Most mornings, I walk in my intown Atlanta neighborhood. It’s mid-May now, and trees with full, leafy, green foliage shade my walk. I usually go either up to Moreland Avenue, a busy thoroughfare with commuters heading in to town between 7:00 and 9:00 a.m. Or I head downhill to Hemlock, a quiet street with no sidewalks that ends with a roundabout that we Georgians have taken some getting used to but now pull into with fairly little stress. From Hemlock I go up a short street that joins it to Woodland, lined with bungalows and shady yards.
This morning, I went down my street towards Hemlock and turned left, and immediately encountered what I usually do in mid-May: an enormous mulberry tree. More to the point, the fruit from that tree. I could see the stain on the asphalt from a good ways off, a deep purple-black shadow in a kind of half circle extending past the middle of the road.
I had come prepared. I took out my plastic bag with its twist-tie and a couple of half paper towels and began to pick up berries. They were almost all large, ripe, juicy-looking.
Mulberries look a little like blackberries, but they are elongated, not round, and each berry has a tiny stem still attached. When ripe, they are sweet. I searched carefully in the grass between the fence behind the tree grew and the curb, picking up the ones that looked as though they had just fallen. I picked up some that had fallen on the asphalt, rolling them into my hand, handling them as lightly as possible, for they’re very delicate.
In seconds, I had about half a cup. I gently wrapped them in the paper towels and carefully put them into the plastic bag, securing it with the twist-tie. I then eased them into my pocket and was on my way.
I’ve been an urban scavenger for years, ever since I first noticed the purple-black stain on the street from that tree. The two-story new house that now spreads over that lot was not there; a small 1940s bungalow with improbably blue-painted awnings and a trampoline in the back yard preceded it. It had a for-sale sign in the yard for several weeks. Then one morning, I saw a middle-aged woman standing on the tiny deck in back smoking a cigarette and quietly looking out over the back yard. The moving truck was already parked in front. A few days later, the small house was demolished. But the mulberry tree remained.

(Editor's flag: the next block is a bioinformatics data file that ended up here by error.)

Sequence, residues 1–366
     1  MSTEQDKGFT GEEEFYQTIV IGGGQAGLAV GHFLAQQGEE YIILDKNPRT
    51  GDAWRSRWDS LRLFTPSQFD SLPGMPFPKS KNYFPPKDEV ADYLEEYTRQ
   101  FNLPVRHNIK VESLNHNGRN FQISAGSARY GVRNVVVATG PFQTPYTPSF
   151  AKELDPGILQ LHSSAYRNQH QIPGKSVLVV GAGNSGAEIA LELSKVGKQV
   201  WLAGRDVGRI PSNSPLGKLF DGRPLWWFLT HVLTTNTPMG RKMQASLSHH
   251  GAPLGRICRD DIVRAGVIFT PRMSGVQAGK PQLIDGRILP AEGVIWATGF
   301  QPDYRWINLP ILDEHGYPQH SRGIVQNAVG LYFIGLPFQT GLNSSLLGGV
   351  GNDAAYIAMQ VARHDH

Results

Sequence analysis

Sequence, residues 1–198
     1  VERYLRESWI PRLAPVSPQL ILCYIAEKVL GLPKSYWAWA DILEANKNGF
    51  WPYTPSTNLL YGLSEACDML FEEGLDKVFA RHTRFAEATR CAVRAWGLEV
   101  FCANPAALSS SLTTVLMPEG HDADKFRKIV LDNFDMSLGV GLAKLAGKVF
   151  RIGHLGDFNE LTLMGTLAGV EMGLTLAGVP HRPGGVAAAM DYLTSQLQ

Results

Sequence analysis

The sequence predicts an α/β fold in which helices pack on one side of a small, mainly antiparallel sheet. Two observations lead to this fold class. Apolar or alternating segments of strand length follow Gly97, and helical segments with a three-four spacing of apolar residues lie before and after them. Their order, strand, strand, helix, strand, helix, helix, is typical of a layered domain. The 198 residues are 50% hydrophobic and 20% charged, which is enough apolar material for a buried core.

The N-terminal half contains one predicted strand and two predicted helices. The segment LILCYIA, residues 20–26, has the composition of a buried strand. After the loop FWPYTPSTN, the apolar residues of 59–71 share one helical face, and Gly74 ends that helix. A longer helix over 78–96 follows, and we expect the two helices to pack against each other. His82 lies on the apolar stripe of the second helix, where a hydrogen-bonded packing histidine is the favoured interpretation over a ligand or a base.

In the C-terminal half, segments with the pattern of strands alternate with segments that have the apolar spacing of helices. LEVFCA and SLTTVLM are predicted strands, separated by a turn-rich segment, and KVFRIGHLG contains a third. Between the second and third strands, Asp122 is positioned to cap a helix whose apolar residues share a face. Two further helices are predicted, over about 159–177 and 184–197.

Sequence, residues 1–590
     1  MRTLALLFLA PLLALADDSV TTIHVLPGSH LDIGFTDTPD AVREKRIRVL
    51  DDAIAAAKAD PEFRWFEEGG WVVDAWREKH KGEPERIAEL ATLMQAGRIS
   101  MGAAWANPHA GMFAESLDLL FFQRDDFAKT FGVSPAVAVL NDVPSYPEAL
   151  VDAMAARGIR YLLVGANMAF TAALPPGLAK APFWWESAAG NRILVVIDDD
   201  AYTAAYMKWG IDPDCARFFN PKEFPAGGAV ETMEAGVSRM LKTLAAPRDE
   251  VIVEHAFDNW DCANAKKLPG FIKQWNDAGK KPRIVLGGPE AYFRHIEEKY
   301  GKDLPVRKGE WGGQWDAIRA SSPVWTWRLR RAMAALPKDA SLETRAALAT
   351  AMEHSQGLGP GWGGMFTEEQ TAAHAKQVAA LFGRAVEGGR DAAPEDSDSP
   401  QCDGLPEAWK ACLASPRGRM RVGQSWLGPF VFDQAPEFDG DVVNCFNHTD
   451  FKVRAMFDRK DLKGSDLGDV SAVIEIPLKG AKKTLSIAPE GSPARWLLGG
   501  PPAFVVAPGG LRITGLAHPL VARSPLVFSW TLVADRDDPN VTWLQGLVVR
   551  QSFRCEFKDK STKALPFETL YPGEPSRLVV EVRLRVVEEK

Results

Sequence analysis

No one from either the earlier house or the present one has ever, so far as I know, gathered any of the mulberries. The tree has grown taller and bigger, and each May, it drops more and more mulberries that stain the street and are crushed by passing car tires and the occasional walker, like me. Despite the abundance of this sweet fruit, extravagantly available for the taking, no one picks it up. Is it because picking up and cleaning the berries looks daunting, selecting the ones still whole from those smashed beyond recovery? Is it the dread of anything that is wild, not certified safe to eat by being wrapped in clear packaging and sold in a supermarket, or even in a basket in a health food store? So many have that dread: my partner’s mother will not buy a whole butternut squash at Kroger’s if there is a plastic-wrapped package of the same kind of squash cut into neat cubes. Or is it simply that the berries are free for the taking, no charge, no middleman, just the tree and the road and the picker and eater; so simple, maybe too simple. There must be a catch somewhere. Simpler to buy. After all, we know what’s in the store is safe to eat, don’t we?
I continued on my walk, down Hemlock, up the little connecting street whose name I don’t remember, to Woodland, and then back in the direction of home. Pretty bungalows, nice shrubs. A lantana like mine making a good start; ferns in one yard; roses behind an abelia hedge in another. And on the corner of one yard, a blackberry bush. With several large, ripe blackberries just asking to be picked.